The term “self-affirmation” may call to mind a meditative yoga class or the classic Al Franken “Saturday Night Live” Character Stuart Smalley (Remember? “I’m good enough, I’m smart enough, and doggone it, people like me!”). Self-affirmations are sayings, like Smalley’s, that are repeated to oneself in order to improve confidence and self-image.
But self affirmations are not a joke — recent research shows that using positive mantras can decrease stress and improve performance on challenging tasks. And they may even help you make healthier decisions.
Self-affirmations have also been shown to help people make healthier choices. A new study in “Psychology of Sport and Exercise” shows that athletes who practiced self-affirming mantras experienced decreased temptation and intentions to dope for performance enhancement, compared with a control group. Miller says this is because by creating an “implementation intention” for how to behave in tempting situations, you can triple your chances of accomplishing hard goals.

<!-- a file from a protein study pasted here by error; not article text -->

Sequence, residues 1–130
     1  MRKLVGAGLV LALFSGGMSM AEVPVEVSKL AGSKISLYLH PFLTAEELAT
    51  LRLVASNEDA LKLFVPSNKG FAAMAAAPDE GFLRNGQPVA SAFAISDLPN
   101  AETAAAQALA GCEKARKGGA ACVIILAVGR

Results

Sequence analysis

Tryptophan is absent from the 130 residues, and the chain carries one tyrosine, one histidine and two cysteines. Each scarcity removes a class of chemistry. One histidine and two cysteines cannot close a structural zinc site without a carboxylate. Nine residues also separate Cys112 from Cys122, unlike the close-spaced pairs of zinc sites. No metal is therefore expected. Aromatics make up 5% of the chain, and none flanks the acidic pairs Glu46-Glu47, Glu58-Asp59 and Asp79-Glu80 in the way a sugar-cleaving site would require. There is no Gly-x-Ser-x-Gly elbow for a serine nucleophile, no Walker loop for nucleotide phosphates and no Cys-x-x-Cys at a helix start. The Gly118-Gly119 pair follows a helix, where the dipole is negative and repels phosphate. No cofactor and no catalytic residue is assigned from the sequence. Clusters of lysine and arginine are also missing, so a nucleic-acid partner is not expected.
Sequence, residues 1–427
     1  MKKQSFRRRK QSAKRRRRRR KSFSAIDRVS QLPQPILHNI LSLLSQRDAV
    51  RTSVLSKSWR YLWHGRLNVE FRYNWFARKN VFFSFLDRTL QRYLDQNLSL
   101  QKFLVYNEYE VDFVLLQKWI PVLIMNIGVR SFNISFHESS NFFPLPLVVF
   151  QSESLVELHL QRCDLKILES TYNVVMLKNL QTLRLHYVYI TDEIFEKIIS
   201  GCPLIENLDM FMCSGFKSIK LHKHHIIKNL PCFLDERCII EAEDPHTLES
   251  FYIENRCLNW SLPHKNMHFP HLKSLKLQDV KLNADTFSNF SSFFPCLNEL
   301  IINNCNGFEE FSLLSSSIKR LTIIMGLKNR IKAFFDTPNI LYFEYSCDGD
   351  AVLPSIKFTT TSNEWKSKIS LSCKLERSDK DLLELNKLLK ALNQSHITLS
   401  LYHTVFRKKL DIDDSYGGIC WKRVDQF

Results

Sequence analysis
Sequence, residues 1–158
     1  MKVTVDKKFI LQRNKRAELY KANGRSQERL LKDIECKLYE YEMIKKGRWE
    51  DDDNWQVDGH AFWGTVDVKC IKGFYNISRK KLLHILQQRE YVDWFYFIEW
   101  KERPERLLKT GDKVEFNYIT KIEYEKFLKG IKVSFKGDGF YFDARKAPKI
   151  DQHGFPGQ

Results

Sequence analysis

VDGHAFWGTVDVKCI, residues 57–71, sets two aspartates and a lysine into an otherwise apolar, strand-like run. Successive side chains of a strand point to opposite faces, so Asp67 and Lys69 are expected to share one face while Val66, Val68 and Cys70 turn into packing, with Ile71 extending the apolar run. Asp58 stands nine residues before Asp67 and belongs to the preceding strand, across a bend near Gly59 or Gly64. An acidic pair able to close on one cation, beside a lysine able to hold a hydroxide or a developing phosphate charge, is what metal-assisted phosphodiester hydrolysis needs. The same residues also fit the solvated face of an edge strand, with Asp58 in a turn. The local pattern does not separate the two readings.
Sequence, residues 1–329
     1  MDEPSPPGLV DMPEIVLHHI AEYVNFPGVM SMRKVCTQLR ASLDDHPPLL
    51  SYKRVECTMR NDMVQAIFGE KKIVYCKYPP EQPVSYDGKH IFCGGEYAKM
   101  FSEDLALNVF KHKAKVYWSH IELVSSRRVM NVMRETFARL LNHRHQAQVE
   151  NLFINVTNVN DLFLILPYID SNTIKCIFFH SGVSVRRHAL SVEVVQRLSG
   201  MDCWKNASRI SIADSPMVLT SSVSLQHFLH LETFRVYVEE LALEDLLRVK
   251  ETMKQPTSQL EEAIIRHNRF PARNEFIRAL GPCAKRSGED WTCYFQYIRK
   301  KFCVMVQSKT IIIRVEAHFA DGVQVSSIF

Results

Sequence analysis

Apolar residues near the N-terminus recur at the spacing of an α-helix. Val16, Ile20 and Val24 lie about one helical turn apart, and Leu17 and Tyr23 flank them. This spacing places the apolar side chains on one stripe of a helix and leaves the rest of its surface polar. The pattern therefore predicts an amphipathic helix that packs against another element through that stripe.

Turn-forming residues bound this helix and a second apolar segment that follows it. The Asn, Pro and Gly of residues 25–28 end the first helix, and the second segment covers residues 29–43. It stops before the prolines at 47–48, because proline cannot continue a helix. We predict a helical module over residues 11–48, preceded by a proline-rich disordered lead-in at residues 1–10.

“If you decide ahead of time that you will say something positive and proactive to yourself when you encounter temptation (for example, ‘When I see someone light up, I will tell myself I am a non-smoker and I will leave the room’), then you will have created a contract with yourself that is often unbreakable,” she explains.
To incorporate self-affirmations into your life, Miller recommends starting with mantras of love for yourself, for others you care about, and for people you’ve had challenges with. Do this at home on your own, repeating the upbeat and affectionate phrases to yourself daily, so the feelings are already there when you encounter those people.
“If you practice saying positive things in non-stressful situations, it’s been found that you can actually change your brain’s reactions,” Miller notes. So when the more stressful situation does arise (an event with a boorish co-worker or during a holiday party with a meddling relative, for example), you already have a habit of affirming love as a response.
Of course, self-affirmations aren’t just phrases to be plucked from thin air. “If you have no history of being an athlete, self-affirming that you will finish an Ironman may only reinforce that it’s not your thing,” says Miller. “Affirmations have to be based on some reality around what you do well and character strengths you possess, for them to be useful.”